Award details

Tissue specific aquaporin expression for seedling water stress resistance

Principal Investigator / Supervisor Professor Lorenzo Frigerio
Co-Investigators /
Professor William Finch-Savage
Institution University of Warwick
DepartmentSchool of Life Sciences
Funding typeResearch
Value (£) 439,020
TypeResearch Grant
Start date 01/12/2012
End date 31/05/2016
Duration42 months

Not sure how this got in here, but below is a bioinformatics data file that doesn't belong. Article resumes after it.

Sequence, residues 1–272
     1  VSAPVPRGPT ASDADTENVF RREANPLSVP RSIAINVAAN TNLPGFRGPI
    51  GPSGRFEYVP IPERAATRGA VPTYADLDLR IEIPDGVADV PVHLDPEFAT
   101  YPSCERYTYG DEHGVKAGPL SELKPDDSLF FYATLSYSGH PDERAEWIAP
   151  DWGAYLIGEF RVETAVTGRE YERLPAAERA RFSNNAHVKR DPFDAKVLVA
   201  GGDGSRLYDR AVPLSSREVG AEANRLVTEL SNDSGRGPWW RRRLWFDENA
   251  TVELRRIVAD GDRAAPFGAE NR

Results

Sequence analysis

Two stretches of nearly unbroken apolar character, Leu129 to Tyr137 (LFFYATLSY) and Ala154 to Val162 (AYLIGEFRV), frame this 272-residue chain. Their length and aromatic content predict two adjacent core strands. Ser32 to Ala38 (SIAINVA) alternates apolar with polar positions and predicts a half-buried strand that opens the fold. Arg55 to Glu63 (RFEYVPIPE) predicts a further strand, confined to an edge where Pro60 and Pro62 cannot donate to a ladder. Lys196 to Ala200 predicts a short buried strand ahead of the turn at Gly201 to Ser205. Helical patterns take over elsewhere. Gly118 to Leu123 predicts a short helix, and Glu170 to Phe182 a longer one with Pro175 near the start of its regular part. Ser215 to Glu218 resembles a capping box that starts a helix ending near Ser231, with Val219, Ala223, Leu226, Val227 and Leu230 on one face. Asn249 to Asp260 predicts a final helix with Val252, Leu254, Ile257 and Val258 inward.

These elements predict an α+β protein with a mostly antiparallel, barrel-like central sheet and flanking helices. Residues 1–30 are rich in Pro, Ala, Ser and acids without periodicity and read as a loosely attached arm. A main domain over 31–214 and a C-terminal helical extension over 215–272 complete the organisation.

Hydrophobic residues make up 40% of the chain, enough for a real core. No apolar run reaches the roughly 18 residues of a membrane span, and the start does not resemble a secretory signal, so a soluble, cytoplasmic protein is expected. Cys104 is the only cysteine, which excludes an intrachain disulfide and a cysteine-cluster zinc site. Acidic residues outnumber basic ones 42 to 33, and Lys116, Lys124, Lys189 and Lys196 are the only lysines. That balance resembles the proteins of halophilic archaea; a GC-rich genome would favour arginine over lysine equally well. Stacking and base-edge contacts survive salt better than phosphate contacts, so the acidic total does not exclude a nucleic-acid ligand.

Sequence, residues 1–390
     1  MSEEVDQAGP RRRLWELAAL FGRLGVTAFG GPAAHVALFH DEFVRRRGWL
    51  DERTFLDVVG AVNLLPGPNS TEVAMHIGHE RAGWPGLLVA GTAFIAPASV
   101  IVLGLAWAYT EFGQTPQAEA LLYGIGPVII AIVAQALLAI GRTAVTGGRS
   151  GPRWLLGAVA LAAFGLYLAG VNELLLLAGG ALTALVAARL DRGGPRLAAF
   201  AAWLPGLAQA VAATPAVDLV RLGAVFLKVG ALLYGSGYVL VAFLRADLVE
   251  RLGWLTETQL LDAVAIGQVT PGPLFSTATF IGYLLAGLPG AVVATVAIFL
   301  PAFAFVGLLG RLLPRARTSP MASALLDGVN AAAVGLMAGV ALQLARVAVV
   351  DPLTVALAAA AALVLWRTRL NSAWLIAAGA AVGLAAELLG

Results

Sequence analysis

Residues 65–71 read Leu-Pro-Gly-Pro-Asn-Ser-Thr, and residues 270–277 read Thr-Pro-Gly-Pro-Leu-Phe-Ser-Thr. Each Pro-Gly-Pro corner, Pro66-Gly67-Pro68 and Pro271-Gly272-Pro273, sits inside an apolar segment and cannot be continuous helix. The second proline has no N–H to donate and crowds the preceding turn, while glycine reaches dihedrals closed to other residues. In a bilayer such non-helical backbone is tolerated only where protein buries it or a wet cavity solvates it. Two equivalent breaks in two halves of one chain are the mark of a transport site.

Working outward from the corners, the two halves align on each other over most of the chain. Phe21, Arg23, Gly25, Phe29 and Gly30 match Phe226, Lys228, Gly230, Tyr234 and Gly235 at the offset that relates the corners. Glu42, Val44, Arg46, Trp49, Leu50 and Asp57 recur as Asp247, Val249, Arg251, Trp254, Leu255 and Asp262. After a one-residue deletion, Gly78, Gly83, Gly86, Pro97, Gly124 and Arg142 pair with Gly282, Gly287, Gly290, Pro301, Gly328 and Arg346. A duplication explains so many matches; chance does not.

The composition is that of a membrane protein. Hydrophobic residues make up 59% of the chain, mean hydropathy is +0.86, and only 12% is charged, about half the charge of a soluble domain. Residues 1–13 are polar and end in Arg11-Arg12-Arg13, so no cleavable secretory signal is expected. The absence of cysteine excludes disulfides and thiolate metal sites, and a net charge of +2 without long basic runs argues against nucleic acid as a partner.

This project addresses three closely linked topics: 1) the intracellular trafficking of vacuolar aquaporins (AQP) in seeds, 2) their role in mediating water intake during germination and post-germination seedling growth and 3) their ability of AQP to improve seedling performance in water stress conditions. Aquaporins are important during germination. However, the most abundant AQP during that phase in Arabidopsis are tonoplast (TIP), rather than plasma membrane intrinsic proteins (PIP). This is surprising as PIP are normally the main gateway for water intake. We have found that seed-specific TIP3 isoforms have a dual localisation - both at the tonoplast and the plasma membrane (PM). This suggests that in seeds TIPs may be recruited to the PM in lieu of PIP. This dual localisation also raises the issue of how TIP targeting is achieved - a long-standing question in plant cell biology. We have recently discovered that plasma membrane sorting information is present in the C-terminal region of a seed TIP but we do not know the nature of the sorting signal. We have also found that seed TIP - overexpressing seedlings grow significantly better than wild-type in conditions of water stress. We propose to elucidate the sorting signal(s) and the sorting route of TIP3. We will selectively downregulate every seed TIP and then replace them with exclusively tonoplast- or plasma membrane- targeted AQP. We will study the effect of these modifications on germination and post-germination seedling growth. We will also selectively upregulate distinct TIP at different stages of seed germination using an inducible promoter and determine whether up-regulation of TIP activity can be used to boost early vigour under conditions of water stress. In parallel we will test constitutive TIP upregulation in transgenic Brassica oleracea, in order to correlate AQP modulation with efficiency of seed water uptake and the establishment of early vigour in this crop model.